Weed management has focused on tillage and selective herbicides to reduce the impact of weeds on crop yields. While effective, chemical and mechanical control has led to excessive soil erosion, herbicide resistant weeds, and contamination of surface and groundwater. Integrated weed control methods including weed competitive crops and biological controls are now being investigated.

    Field studies were conducted in 1996 and 1997 to determine the effectiveness of the bacterial biocontrol, Pseudomonas syringae pv. tagetis (PST) and competitive soybean cultivars, for control of Canada thistle. These experiments were conducted in organic and no-till production systems.

    The competitive soybean variety “Kato” improved the efficacy of two cultivations for the control of Canada thistle and had numerically lower values with respect to height and seed production for Canada thistle when compared to the non-competitive variety “Evans” in organic soybean production. Kato reduced the total weed density and total weed dry shoot weight at 105 days after planting (DAP) by 43% and 55% respectively when compared to Evans in no-till soybean production but did not affect marked Canada thistles in no-till production. Soybean yield was independent of soybean variety.

    PST reduced Canada thistle survival by 33%, 69%, 91%, and 93% in 1996 and by 11%, 32%, 68% and 70% in 1997 at 35, 51, 73 and 107 DAP respectively in organic soybean production. In no-till soybean production, PST reduced Canada thistle survival by 5% and 50% at 48 and 105 DAP in 1996 and by 16%, 28% and 60% at 48, 69 and 105 DAP in 1997 respectively. Canada thistle plants that survived treatment with PST were shorter and less likely to produce seed than untreated controls in both organic and no-till soybean production.

    Differences in the efficacy of PST for the control of Canada thistle in organic and no-till production could not be explained. PST had no impact on soybean yield. Two cultivations in organic soybean production did not improve soybean yield or weed control except in Kato where extra cultivation reduced both Canada thistle height and the average number of seed heads produced per plant.

    The combination of Kato plus PST plus two cultivations always resulted in the lowest values for Canada thistle seed production and generally the greatest reductions in Canada thistle height suggesting that cumulative effects of multiple weed control measures in an integrated weed management program may successfully control this weed.

    In no-till soybean production, the herbicide bentazon was more effective at reducing Canada thistle survival, height and seed production than PST but did not improve soybean yield suggesting that weed control measures in addition to post-emergent applications of imazethapyr and sethoxydim were not necessary to maintain soybean yield in this study.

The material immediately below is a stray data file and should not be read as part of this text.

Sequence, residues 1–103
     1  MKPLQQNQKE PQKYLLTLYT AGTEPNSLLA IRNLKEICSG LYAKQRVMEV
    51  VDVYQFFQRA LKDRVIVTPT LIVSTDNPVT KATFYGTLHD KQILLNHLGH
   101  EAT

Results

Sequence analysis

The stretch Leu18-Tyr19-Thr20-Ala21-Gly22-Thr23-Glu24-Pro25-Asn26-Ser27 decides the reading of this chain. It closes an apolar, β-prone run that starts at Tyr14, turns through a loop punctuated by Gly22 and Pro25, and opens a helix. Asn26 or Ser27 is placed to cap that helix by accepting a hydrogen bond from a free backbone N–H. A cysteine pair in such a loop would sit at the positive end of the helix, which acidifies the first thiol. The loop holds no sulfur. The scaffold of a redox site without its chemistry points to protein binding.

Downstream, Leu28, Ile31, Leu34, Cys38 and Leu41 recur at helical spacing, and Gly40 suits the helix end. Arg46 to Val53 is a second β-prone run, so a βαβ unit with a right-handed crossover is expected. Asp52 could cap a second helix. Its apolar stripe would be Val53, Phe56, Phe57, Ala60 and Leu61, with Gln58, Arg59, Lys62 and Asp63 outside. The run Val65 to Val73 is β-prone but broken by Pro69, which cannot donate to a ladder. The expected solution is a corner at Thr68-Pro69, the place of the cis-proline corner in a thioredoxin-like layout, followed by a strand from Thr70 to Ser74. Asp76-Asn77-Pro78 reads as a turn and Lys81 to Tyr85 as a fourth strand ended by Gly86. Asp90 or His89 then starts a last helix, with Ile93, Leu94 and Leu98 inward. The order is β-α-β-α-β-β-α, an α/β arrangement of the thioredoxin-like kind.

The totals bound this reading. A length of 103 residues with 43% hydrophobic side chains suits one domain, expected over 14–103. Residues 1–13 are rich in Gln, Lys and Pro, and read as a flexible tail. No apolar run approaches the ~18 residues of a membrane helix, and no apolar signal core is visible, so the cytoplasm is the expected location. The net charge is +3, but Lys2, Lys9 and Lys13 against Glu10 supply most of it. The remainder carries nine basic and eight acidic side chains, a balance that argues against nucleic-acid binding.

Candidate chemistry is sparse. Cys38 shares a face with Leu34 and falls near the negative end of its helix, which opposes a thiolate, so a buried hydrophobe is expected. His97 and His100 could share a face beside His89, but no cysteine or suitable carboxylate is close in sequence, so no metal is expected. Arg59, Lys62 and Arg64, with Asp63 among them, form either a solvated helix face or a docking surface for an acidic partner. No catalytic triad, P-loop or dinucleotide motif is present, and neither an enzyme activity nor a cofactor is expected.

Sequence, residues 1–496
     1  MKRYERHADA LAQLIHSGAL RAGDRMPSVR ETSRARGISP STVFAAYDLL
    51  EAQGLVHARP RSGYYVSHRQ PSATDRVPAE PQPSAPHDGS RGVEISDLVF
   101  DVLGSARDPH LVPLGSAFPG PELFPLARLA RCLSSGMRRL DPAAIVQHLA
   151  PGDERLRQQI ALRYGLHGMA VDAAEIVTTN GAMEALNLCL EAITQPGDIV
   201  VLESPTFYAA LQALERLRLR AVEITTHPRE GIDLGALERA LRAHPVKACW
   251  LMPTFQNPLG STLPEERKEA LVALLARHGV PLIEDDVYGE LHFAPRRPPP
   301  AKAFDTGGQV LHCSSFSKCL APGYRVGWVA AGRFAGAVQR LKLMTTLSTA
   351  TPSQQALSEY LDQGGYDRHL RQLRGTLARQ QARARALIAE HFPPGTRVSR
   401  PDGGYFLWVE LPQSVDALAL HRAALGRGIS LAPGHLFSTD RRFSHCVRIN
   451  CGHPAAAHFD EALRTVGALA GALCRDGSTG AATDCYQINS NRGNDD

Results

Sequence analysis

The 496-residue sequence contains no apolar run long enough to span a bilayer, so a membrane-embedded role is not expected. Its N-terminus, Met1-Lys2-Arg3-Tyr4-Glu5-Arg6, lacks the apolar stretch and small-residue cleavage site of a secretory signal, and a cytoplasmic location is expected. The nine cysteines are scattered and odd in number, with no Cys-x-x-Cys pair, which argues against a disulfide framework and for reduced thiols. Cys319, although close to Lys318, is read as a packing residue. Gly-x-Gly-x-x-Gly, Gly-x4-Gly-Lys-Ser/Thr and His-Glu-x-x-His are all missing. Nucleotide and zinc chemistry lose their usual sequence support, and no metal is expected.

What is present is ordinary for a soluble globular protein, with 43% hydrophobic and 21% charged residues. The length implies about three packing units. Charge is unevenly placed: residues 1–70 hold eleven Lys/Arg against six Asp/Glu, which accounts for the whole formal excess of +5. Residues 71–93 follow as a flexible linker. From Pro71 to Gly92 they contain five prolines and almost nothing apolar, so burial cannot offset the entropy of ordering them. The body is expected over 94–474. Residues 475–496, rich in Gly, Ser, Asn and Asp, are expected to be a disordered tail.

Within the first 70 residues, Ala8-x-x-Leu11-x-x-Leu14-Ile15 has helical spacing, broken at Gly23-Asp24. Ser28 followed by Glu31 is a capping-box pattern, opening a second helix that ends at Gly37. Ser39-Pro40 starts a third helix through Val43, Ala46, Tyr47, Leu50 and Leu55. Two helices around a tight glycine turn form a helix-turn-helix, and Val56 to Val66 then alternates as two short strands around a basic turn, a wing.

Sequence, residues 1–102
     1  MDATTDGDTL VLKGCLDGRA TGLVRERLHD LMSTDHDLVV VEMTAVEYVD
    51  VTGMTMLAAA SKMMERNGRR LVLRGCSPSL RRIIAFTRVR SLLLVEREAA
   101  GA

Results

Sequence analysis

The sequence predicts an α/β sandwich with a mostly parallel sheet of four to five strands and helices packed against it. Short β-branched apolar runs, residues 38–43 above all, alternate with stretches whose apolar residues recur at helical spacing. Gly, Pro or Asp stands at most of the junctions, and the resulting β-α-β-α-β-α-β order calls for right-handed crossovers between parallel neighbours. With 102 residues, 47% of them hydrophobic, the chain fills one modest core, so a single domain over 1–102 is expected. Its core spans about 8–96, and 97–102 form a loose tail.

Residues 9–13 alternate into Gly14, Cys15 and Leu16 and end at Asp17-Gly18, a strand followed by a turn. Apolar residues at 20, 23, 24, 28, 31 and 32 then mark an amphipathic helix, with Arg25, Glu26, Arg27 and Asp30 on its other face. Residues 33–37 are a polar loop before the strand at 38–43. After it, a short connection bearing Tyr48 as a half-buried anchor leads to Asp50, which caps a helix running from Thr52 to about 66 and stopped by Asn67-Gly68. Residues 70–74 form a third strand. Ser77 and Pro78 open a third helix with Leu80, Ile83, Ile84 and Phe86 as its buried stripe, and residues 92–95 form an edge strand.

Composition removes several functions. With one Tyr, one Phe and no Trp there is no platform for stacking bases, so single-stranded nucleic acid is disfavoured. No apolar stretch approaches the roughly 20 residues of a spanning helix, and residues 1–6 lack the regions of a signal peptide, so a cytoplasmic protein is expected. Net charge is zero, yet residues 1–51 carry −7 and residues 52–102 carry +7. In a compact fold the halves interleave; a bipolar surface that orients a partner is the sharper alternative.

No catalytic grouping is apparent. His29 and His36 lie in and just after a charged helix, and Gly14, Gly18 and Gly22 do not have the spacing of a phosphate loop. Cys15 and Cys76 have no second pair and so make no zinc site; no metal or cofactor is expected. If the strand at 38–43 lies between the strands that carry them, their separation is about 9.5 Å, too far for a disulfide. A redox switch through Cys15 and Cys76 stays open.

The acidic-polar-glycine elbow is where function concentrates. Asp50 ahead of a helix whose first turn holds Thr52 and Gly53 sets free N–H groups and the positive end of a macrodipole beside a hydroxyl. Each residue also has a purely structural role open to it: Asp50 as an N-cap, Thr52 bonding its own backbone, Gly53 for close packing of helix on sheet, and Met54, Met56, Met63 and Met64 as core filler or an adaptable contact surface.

Lack of yield differences between weed control treatments could not be explained. The herbicide bentazon reduced total weed density and weed dry shoot weight by 68% and 84% respectively and Canada thistle survival was reduced 30%, 34%, 96% and 97% in 1996 and 24%, 52%, 88% and 95% in 1997 at 34, 48, 69, and 105 DAP respectively. These findings suggest that competitive soybean varieties and biological weed control are valuable components of an integrated weed management system.

    We are establishing “learning communities” (LCs) composed of farmers, local extension educators, and research and extension weed scientists that will develop integrated cultural and biological weed management methods for soybean production. Each LC will work together to examine and adapt systems thinking tools, such as agroecosystem analysis, to devise an integrated weed management method.

    Each group will use the integrated weed management method experimentally, assess its practical value, help develop practical and convenient means for using the approach, and help refine it. A network of LCs could accelerate farmer learning about local challenges that arise in farming systems at farm, watershed and larger scales. Ultimately, LCs could have a significant and lasting impact on the way universities conduct agricultural research.

    Project objectives:

    1. Compare weed control of Canada thistle in an organic production system using competitive soybean varieties and bacterial biocontrol to current cultivation- and labor-intensive methods.

    2. Compare weed control of Canada thistle in a no-till production system using competitive varieties, bacterial biocontrol, and reduced herbicide rates to current herbicide-intensive methods.

    3. Collaborate with member organizations of the Sustainers’ Coalition of the Minnesota Institute for Sustainable Agriculture in presentations, discussions and evaluations of research findings at summer field days and winter workshops.

    4. Initiate a broad-based cooperative research approach to develop integrated cultural and biological weed management, in order to reduce sediment and herbicide pollution associated with weed control, and support development of new sustainable farming systems for the north-central region.

    Any opinions, findings, conclusions, or recommendations expressed in this publication are those of the author(s) and do not necessarily reflect the view of the U.S. Department of Agriculture or SARE.